5. There are other people, careers, places, logics, problems, than just me and mine. We all know this intuitively. But watching innkeepers do their jobs day after day, witnessing the transportation industry workers in remote places – like ferry pilots off rugged coastlines, and being in touch with Irish radio for a month and following some of the stories there that would not make the news at all in Germany – and vice versa – lends perspective on our sense of importance. A case in point: the Irish news reported nonstop about an Irish 19-year-old girl who was taken into custody in Peru for drug smuggling. We got the blow-by-blow of which family member and lawyer was underway to help her get out of Peruvian prison, if that would be possible at all. I heard nothing about the fact that the Mainz train station was shut down for a couple of weeks because too many switchyard workers were either on vacation or out sick. Big news in one place is no news somewhere else.
  6. We can bring vacation back with us and incorporate it into our normal lives. In fact, we must. Otherwise, the effects dwindle or disappear within days or even minutes of returning. How do we do this? Keep a little bit of that “downtime” in every day. Take the time to stare at something. Take the time to plan newness into the routine. Take a new way home. Try a new kind of cheese. One rainy weekend day after my trip, a pigeon landed on my balcony railing. She looked at me a long while, and I looked at her. I decided to leave my own thoughts and doings aside for the duration that she decided to stay perched there, near me, and study her feathers and gestures, to get lost in her “pigeonness.” Well, she got comfortable and started pruning. Her feathers and movements were beautiful, the rain appeared to offer no discomfort. She stayed and stayed. So did I. Finally we both forgot the other was there, so comfortable we became with each other. She offered me a vacation within my normal day. Her presence was a peaceful offering from the planet. We are both at home here, sharing a moment together, across very different worlds.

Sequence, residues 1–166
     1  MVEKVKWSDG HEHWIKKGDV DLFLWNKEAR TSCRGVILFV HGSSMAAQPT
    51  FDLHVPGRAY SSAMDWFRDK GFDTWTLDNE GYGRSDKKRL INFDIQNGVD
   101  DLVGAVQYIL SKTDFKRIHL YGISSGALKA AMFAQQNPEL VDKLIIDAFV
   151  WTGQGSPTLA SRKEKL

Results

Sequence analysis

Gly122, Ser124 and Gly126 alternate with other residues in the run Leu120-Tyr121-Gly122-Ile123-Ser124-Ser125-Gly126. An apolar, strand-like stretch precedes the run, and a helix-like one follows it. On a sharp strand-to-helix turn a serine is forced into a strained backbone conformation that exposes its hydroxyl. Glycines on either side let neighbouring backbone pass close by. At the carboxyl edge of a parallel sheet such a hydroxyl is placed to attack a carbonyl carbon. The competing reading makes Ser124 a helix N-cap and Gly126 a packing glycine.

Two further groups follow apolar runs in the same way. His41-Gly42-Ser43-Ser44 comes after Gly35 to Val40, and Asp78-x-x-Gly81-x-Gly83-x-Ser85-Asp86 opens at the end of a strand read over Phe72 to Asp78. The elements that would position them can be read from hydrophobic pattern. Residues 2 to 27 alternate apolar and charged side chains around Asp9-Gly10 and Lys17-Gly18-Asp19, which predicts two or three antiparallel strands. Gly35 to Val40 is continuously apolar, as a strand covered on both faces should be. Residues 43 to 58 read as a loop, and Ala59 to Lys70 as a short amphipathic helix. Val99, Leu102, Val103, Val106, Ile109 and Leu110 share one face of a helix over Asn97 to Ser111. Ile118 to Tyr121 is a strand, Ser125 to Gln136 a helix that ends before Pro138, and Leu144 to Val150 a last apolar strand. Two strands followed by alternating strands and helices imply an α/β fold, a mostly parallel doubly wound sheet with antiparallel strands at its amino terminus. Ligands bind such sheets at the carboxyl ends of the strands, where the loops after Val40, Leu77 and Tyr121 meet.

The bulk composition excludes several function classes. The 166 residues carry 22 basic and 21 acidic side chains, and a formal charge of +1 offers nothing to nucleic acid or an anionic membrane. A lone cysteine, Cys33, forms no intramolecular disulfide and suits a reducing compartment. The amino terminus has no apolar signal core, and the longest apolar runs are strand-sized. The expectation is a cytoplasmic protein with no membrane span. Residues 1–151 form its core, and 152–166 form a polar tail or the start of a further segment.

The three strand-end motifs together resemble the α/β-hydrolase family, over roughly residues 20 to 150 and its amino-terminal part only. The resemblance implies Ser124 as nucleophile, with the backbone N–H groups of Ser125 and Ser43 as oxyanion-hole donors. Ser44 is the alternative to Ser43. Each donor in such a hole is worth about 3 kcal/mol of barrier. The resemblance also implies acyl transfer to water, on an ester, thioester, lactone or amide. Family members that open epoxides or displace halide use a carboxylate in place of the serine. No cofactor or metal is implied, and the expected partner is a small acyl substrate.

It’s now getting to be fall, and the birds have started opening the walnuts in the trees next to my apartment. I got out the binoculars to watch their industriousness. And my industriousness? It’s more focused on what really matters. Which is so much more than just the job I am paid to do. It’s about the person I am meant to be, in all regards, in the time I have here on this blue and lonely planet.